June 30, 2005

Cover Letter: More Background

You've probably heard that you only have 10 seconds to grab the attention of the reader. That's true. Once they start reading your cover letter the clock is ticking. But some decisions about the quality of your cover letter are made even before the reading begins.

Is the paper it is printed on clean and bright? Is the letter formatted and addressed properly? Did the candidate hand sign the document?

Paper choice for your cover letter and resume is important. Obvious attempts at attention grabbing are usually viewed as unnecessary. Printing on Yellow, Pink, or Tan paper doesn't make you more qualified for the position. Instead, chose your paper based on its weight - 24lb minimum / 30lb maximum - and brightness - 94 minimum. If thosefigures don't make sense to you, ask the helpful folks at OfficeMax or OfficeDepot and they'll help you out.

I know a question you're dying to ask -- is laserprinting, which usually means a trip to Kinko's, required? Not anymore. These days there are high DPI (600DPI and up) inkjet printers that will do the job just fine. Just watch for smearing.

If you've read Malcom Gladwell's Blink : The Power of Thinking Without Thinking then you know how decisions are made in a split second. Don't give the screener a reason to 'blink' you into the circular file.

June 29, 2005

Cover Letter: form follows purpose

The Cover letter is your initial sales piece. Its purpose is to get your resume past the initial screener and, once in the hands of the right person, to show you're a capable, productive, and intelligent candidate for the position. When you keep that in mind, the form of the cover letter follows naturally.

To show you're capable, the document must answer the questions asked in the job description, indicate where you found the listing, and show that you're a match. To prove your productivity, you must list your accomplishments in a manner the person doing the hiring will understand. To show your intelligent, you must have perfect grammar and spelling and be persuasive.

To repeat: cover letters are your primary sales piece about you. They should list your top accomplishments, special experience related to this job, and why you’re right for the company. And they should do it in a manner that is as creative, brief, and compact as possible. I've read so many boring coverletters from marketing professionals, designers, human resource managers, sales people. These positions require creativity and sales ability, you have to put that in the coverletter too.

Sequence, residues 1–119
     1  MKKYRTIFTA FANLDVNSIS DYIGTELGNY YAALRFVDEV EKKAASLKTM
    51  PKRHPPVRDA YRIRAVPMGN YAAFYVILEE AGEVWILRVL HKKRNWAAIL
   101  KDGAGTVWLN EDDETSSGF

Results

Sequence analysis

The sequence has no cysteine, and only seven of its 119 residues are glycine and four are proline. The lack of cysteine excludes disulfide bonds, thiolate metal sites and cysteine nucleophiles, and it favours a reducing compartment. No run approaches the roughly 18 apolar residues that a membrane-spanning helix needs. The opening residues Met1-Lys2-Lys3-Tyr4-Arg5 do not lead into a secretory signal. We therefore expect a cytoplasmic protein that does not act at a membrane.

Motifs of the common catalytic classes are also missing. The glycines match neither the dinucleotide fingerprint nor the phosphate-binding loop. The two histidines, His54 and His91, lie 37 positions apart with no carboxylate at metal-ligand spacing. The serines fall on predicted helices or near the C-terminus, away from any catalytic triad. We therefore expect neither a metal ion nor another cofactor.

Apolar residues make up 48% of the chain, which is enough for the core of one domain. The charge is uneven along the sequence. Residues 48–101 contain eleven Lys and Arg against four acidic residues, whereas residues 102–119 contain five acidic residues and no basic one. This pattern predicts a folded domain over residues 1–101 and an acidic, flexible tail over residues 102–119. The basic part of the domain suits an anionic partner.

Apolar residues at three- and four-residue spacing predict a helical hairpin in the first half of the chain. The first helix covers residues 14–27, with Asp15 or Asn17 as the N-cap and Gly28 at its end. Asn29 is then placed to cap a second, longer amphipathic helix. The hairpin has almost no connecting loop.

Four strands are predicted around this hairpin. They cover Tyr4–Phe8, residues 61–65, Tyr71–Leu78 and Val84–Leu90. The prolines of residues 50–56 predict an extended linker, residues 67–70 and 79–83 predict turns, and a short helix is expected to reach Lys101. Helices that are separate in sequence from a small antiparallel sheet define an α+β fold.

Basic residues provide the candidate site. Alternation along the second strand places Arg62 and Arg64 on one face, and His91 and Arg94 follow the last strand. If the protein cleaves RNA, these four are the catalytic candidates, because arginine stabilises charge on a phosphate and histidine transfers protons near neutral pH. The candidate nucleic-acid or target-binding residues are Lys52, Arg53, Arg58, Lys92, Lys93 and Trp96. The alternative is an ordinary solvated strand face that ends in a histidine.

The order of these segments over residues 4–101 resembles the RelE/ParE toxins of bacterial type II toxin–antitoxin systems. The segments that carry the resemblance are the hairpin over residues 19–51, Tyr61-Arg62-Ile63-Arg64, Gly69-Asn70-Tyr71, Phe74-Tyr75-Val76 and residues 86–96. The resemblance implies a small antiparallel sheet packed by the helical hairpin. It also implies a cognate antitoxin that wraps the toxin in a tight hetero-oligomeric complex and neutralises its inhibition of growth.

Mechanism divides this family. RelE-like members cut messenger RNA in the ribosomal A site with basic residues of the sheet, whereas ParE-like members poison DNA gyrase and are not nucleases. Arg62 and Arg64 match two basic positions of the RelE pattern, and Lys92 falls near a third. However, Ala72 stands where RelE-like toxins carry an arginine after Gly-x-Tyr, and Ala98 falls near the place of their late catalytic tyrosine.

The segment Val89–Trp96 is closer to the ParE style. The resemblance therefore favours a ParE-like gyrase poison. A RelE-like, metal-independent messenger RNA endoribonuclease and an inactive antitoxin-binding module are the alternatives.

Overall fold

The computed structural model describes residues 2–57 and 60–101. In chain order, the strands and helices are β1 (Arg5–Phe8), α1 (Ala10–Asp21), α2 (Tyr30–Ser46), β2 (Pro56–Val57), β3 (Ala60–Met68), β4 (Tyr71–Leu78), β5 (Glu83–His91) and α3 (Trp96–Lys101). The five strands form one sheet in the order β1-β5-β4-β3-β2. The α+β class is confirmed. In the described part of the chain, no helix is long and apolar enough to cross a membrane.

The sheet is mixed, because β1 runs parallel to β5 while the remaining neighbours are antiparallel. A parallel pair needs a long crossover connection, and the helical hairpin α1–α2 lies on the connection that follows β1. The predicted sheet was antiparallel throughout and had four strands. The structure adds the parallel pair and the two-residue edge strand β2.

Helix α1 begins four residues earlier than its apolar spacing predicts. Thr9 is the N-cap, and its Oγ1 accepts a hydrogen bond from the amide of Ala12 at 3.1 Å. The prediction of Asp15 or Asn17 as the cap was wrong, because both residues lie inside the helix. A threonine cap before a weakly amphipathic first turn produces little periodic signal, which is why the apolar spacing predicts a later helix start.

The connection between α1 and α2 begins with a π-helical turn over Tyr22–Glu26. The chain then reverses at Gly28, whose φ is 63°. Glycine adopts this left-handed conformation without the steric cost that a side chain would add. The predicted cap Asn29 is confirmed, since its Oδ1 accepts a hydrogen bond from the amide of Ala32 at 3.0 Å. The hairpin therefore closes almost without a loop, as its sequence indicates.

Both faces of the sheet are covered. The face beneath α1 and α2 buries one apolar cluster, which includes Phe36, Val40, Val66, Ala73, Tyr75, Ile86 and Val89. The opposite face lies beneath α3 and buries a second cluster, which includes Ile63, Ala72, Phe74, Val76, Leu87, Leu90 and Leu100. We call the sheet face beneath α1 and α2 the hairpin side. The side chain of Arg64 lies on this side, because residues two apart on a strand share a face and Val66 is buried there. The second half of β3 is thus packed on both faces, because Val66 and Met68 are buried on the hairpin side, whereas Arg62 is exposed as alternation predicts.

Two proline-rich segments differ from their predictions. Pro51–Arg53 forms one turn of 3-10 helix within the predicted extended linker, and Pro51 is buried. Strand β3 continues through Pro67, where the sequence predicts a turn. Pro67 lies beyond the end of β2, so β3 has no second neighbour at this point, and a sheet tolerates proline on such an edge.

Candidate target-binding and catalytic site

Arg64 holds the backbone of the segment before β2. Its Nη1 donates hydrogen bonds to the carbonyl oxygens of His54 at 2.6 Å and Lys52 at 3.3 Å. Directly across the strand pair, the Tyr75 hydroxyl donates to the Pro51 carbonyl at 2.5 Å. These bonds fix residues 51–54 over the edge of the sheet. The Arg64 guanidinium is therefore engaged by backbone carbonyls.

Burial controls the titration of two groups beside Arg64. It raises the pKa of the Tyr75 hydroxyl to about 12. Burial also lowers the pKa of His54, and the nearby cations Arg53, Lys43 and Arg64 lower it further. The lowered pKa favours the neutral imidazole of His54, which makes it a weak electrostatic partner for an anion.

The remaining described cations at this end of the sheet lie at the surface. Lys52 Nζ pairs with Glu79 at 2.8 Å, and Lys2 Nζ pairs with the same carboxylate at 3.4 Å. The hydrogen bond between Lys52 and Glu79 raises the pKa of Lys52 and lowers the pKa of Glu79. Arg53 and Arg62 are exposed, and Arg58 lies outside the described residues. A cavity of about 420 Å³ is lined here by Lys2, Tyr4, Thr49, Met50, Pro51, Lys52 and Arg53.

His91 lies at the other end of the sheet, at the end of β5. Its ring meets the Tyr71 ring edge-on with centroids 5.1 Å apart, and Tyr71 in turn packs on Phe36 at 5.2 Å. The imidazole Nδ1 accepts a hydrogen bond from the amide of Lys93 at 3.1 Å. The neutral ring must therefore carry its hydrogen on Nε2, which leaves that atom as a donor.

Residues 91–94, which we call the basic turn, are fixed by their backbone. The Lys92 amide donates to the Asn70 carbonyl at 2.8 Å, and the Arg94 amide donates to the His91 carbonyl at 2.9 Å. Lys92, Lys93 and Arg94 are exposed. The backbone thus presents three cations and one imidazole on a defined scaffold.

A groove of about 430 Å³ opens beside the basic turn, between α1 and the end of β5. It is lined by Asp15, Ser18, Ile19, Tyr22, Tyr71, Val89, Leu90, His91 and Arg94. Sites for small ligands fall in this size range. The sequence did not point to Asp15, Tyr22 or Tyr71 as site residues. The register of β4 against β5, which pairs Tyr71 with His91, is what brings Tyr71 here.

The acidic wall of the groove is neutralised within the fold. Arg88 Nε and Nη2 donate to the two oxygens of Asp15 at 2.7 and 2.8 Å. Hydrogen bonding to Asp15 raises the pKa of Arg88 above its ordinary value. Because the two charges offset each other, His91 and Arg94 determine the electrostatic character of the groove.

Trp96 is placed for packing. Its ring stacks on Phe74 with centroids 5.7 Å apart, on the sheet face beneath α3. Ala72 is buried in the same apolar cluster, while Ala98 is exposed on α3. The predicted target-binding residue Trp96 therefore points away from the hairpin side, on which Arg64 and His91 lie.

Your Resume Upgrade Station

This blog is the direct agglomeration of my personal experience dealing with Resumes, Coverletters, Job Searches, and Career choices. I worked for 6 years at a personnel placement company that specialized in human resources positions. Although not in a HR position myself, I learned what a recruiter looked for in a resume, the purpose of a coverletter, and the best practices in a job search, from the best managers, recruiters, and personnel specialists in the industry.

Over the years that knowledge has been very useful to me in finding new positions. I frequently receive requests from friends and family to review their resumes, which I am happy to do. So the time has come to formalize that knowledge. As you can see, I'm taking advantage of the unique publishing platform that is the weblog to do so. I hope this will be as successful a merging of information and technology, form and function, as your resume should be.

My mission is that you, the reader, should be able to find useful hints, clear instructions, and hard facts that will help you promote yourself into the next job in your career path. I realize I am not the end point of all knowledge when it comes to resumes, coverletters, and job searches, so I'll also be providing pointers to other resources that I have found useful. I'm sure you will to.

So welcome one and all to the Resume Upgrade blog. Now let's forge a path to your future.